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What's the best way to get motivated??

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  • What's the best way to get motivated??

    Hey forum friends!! As a lot of you know I lost my mom a couple weeks ago and have been pretty down in the dumps. This is the first time I've been in the shop for probably a month. My problem is how do I get motivated to even start something?? The few things I was working on before my mom got sick were NOT working out. So here I sit at my shop computer just looking around at things. Does anyone have any suggestions???
    Cathy in NE

    "While we try to teach our children all about life, our children teach us what life is all about." - Anonymous

  • #2
    The person I admire most in this world is my wife.

    Two years ago she lost her mom, one of her older sisters, and her youngest brother in less than a year.

    What gave her the strength to not just greet each new day - but to enjoy it - was - in this order - faith, family, friends and her own inner drive to find not just purpose but joy in every single day.

    You are in a tough time - it will get better - and part of the getting better will be the comfort you know you can find in your work.



    • #3
      "Tight's tight, too tight's broken"

      My Gallery


      • #4
        I am sorry for your loss Cathy. When we lose a loved one, we're sad and hurt because we think of never seeing them again, which does hurt. But when we also see them walking on the streets of gold, living in one of the many mansions He has prepared for us. Walking and talking with our Saviour! Then it doesn't seem too bad. Knowing they're with Jesus, where there's no pain and sickness and it's always the same temperature! (lol) That helped me in '85 when I lost my mom. Don


        • #5
          it is just one day at a time. You will feel better if you can make something just anything believe me with all the medical stuff I've been going through and losing my mom and all of a sudden being single unexpectedly I have my days, but I find if I can force myself to begin a small project i do feel better so i'm making cars and trucks to donate to the safe house for battered women and their children this year again for Christmas. Gives me a reason to make sawdust & get out of bed. Didn't mean to make it sound like it was about me. Just letting you know it will get better...Time does heal all.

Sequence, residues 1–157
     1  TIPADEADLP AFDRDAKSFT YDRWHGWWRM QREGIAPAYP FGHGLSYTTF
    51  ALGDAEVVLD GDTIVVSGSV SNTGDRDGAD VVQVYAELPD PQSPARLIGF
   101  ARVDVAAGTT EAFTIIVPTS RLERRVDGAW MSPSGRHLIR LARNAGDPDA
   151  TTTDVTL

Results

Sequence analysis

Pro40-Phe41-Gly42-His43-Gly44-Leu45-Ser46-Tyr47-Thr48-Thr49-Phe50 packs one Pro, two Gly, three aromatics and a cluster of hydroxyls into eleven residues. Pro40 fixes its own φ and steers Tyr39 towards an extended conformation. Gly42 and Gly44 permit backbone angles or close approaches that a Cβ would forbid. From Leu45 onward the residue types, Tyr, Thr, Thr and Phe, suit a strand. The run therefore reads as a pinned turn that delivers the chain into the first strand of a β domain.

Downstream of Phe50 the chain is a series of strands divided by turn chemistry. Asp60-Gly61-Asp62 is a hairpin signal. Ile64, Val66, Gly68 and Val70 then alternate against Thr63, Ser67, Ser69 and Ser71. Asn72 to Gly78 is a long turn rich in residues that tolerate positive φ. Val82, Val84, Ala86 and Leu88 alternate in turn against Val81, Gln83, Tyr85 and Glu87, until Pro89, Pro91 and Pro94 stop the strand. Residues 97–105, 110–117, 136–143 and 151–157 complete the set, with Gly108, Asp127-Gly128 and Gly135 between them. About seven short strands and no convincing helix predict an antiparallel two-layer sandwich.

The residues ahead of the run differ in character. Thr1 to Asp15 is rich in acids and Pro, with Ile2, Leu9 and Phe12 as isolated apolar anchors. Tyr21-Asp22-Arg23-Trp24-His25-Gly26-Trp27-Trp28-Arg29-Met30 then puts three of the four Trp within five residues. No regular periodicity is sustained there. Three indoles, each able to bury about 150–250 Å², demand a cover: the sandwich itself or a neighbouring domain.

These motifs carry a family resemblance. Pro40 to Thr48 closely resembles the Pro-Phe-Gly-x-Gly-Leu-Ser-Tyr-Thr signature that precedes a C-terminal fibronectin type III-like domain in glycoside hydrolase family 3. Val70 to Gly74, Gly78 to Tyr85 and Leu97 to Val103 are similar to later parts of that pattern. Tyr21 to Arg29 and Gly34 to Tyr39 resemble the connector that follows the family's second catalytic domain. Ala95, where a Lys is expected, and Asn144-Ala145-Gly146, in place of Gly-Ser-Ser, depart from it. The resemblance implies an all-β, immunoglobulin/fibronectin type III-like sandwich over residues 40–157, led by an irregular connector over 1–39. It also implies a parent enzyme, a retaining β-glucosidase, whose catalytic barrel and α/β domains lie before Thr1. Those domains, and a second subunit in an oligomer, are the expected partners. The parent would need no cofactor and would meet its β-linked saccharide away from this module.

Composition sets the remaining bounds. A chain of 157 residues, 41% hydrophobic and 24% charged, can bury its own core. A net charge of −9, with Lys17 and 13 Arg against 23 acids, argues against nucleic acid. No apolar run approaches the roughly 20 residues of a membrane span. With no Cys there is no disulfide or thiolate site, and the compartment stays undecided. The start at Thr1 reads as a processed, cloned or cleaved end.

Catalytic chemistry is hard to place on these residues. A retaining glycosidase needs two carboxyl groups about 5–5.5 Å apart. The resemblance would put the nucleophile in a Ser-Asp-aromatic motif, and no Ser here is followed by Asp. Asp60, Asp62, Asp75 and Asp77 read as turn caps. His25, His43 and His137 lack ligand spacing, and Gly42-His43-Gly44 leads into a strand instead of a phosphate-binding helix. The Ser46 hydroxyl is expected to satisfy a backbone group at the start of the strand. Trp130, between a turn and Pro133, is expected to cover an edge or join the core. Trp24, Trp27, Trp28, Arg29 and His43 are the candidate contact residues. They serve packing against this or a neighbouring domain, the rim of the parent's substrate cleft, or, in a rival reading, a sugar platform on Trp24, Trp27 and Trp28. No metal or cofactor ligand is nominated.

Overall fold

"Still Montana Mike"

          "Don't worry about old age--it doesn't last that long."
          Mike's Wood-n-Things LLC


          • #6
            You have my deepest sympathy, Cathy.

            Everyone grieves a little differently. Some take solace and comfort in immersing themselves in their hobby, even if it is only busy work. Others have difficulty focusing and suffer from a lack of desire & motivation. They almost feel guilty for enjoying something amidst their grief. There is no right or wrong here. If you don't feel like working in the shop, then don't. I do encourage you to engage in the positive though. It doesn't have to be scrolling, but you do need positive thoughts and activities to help you through your grief.

            My Dad died in December of 2003. I was right in the midst of my annual Christmas projects and ornaments. I knew people would understand if I didn't finish stuff for Christmas, but something about maintaining the tradition kept me motivated. It was hard, but my Dad liked to tinker in his shop, so I felt like his spirit was with me and the solitude of the shop was good for me. I ended up making an urn to hold his cremains later the following Spring. It was emotionally wrenching, working on that urn and there were times I just had to stop work on it to compose myself, but again, I was motivated by the purpose behind the task and Dad's spirit helped me through it.

            I don't know if any of this helps, but knowing that others have gone through what you are going through can be of some comfort. Again, I'm sorry for your loss.
            Homer : "Oh, and how is education supposed to make me feel smarter. Besides, every time I learn something new, it pushes some old stuff out of my brain."


            • #7
              I agree with all of the above - the grief process is personal, and I can see that you have started that long road to healing by feeling a desire to do something. First, don't get down on yourself for not wanting to jump right on in there and get busy -- don't push. I do best when I take one day at a time, one step at a time. For me, that means something like setting a goal to make one Christmas ornament for the Rudolf project. Once that one is done, I will probably feel like making another one, but I don't plan for that until I'm ready. I think it helps when I am doing something creative, and when I am doing that for someone else as a gift. Hope that helps you come up with the next step that you are ready to take. Bless you!


              • #8
                There's no reason why you should feel obliged to use those tools in your workshop, Cathy. It's a hobby - you do it to entertain yourself.